harma companies are planning to push hard for the withdrawal of an order by the health ministry last week to ban 329 drugs marketed as "fixed dose combinations," with some even looking at legal options.
Drug industry gears up to fight ban on 329 fixed dose combinations
MUMBAI: Pharma companies are planning to push hard for the withdrawal of an order by the health ministry last week to ban 329 drugs marketed as "fixed dose combinations," with some even looking at legal options.
Fixed dose combinations are two separate drugs combined into a single dose. The concept is widely accepted in global markets due to the advantages of lower cost and patient convenience.
However, medical experts in India are of the view that, with the exception of a few products, a large number of these are irrational and possibly harmful in the long term.
The drugs to be banned are listed in a government March 10 gazette notification and include top sellers such as Pfizer's Corex and Abbott's Phensedyl, both cough remedies.
Abbott is reviewing the notification. "We are concerned that patients may not have access to some medicines which have been approved by DCGI (Drug Controller General of India) and safely and effectively used in India for years," a company spokesperson said. "Some of these formulations have been the treatment of choice in specific medical conditions."
The notification that lists scores of combinations was based on the recommendations of an expert committee and cited public interest to regulate and prohibit the manufacture, sale and distribution of the products.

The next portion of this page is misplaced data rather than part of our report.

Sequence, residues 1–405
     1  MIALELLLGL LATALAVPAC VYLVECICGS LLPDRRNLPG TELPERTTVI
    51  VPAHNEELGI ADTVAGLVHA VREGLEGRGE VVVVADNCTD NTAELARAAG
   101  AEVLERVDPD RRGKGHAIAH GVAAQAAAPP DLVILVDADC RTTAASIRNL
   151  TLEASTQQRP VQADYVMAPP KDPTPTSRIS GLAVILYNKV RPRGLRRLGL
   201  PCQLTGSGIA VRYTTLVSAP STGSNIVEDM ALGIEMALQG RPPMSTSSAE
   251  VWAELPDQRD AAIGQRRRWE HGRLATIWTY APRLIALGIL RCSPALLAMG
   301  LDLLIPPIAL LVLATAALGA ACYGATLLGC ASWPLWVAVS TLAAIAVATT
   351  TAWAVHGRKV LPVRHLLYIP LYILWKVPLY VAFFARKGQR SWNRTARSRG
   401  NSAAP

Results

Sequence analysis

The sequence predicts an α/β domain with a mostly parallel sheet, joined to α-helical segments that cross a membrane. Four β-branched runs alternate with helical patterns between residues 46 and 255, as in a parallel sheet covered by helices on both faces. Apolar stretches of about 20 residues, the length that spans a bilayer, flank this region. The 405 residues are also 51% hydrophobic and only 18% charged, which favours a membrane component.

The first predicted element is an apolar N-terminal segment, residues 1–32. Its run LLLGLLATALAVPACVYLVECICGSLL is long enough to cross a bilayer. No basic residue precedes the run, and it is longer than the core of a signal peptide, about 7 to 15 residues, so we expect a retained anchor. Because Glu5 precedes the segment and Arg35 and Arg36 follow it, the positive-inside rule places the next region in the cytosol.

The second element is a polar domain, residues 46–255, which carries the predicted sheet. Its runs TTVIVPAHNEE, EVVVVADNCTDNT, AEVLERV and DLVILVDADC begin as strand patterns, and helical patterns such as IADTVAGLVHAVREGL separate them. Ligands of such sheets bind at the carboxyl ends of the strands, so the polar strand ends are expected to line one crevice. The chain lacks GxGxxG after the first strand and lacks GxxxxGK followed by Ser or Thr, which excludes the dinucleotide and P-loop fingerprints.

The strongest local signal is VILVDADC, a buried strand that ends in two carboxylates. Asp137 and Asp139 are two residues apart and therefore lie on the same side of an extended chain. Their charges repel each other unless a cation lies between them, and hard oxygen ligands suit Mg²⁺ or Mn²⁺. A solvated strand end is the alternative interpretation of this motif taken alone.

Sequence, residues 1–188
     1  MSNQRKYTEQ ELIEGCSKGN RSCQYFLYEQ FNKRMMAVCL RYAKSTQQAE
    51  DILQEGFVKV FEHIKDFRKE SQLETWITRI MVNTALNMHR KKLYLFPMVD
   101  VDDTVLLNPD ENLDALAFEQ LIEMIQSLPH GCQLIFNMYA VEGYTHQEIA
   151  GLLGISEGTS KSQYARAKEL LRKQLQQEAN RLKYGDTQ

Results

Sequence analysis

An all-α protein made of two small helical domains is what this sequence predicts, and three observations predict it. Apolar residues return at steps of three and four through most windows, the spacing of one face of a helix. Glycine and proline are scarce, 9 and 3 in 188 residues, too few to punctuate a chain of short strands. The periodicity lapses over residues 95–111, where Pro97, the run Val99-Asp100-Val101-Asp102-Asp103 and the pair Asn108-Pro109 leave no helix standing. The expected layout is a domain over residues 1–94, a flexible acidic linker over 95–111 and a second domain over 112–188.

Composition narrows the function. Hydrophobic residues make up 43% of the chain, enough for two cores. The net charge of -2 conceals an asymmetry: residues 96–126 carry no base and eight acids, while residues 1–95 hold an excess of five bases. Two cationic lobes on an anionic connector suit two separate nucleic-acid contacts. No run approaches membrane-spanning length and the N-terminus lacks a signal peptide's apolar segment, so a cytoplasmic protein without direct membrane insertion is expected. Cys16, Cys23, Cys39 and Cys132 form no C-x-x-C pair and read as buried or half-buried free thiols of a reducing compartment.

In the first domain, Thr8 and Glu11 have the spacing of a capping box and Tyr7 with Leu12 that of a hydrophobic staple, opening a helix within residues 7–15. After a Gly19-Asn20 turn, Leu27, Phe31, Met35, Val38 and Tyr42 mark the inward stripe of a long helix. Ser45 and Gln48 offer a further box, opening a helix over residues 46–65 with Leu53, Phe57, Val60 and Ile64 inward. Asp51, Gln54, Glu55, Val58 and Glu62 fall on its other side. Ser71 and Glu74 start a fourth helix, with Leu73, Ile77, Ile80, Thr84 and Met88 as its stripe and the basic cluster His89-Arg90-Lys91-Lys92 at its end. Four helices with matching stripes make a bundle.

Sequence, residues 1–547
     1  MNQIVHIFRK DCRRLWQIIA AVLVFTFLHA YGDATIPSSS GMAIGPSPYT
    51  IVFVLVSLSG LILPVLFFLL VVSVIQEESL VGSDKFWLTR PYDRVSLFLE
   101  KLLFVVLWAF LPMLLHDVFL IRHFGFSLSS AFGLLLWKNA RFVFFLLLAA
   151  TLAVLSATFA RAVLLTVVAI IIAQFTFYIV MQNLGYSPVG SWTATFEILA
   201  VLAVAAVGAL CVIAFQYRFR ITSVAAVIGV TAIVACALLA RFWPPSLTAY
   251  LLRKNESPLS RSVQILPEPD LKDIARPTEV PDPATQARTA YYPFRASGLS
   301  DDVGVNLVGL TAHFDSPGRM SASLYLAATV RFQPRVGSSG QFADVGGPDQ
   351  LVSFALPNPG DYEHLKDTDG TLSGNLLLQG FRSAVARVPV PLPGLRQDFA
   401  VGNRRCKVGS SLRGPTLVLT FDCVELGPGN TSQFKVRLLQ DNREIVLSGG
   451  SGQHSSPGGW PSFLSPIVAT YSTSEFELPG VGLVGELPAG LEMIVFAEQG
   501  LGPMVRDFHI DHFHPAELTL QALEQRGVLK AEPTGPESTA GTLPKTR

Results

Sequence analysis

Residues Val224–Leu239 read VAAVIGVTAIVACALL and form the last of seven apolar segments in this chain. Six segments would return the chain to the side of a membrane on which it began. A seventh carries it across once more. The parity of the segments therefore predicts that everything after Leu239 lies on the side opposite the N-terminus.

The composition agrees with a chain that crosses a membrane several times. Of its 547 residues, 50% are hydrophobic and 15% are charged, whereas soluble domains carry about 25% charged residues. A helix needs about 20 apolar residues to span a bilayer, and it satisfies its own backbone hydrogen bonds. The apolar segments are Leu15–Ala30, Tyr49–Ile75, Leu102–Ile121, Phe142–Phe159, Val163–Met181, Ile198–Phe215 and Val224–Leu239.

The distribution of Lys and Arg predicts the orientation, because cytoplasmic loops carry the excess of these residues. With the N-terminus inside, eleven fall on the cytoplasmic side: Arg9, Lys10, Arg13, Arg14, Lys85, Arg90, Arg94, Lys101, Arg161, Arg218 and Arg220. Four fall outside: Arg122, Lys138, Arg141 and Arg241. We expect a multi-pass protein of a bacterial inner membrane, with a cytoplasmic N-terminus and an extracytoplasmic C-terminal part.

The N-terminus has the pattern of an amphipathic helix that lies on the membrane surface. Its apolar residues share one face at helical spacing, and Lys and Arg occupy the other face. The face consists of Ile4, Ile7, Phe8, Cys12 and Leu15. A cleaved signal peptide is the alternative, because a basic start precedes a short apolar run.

Overall, trade estimates suggest the move may shave off at least Rs 3,800 crore from the Indian market and the jolt may be felt by most companies down to the smallest drug units.
Market research agency PharmaTrac has said that Abbott may take a hit of Rs 485 crore on account of the move while Macleods Pharma will be impacted by Rs 370 crore and Pfizer may suffer a loss of Rs 368 crore. Others like Sun Pharma, Lupin, Wockhardt and Alkem are also among those that will be hit, it said.
The expert panle that was set up in 2014 reviewed as many as 6,000 formulations that had proliferated in the Indian market, according to a senior government official cited by Reuters.
The low threshold for approval of new medicines by state licensing authorities is seen as the root cause of the current situation and has been the subject of debate for years.
Some experts said the move was long overdue. Sunil Jain, who practices gastroenterology and hepatology at Indore, told ET that some medicines such as a proton pump inhibitor and prokinetic agent to treat gastric ulcers was sold as one dose.
"We don't require those products at all and they do not bring any additional value," he said, adding that a few exceptions in fixed dose combinations may be allowed but those should be based on global studies. Others however backed fixed dose combinations, saying they are relevant to a country like India.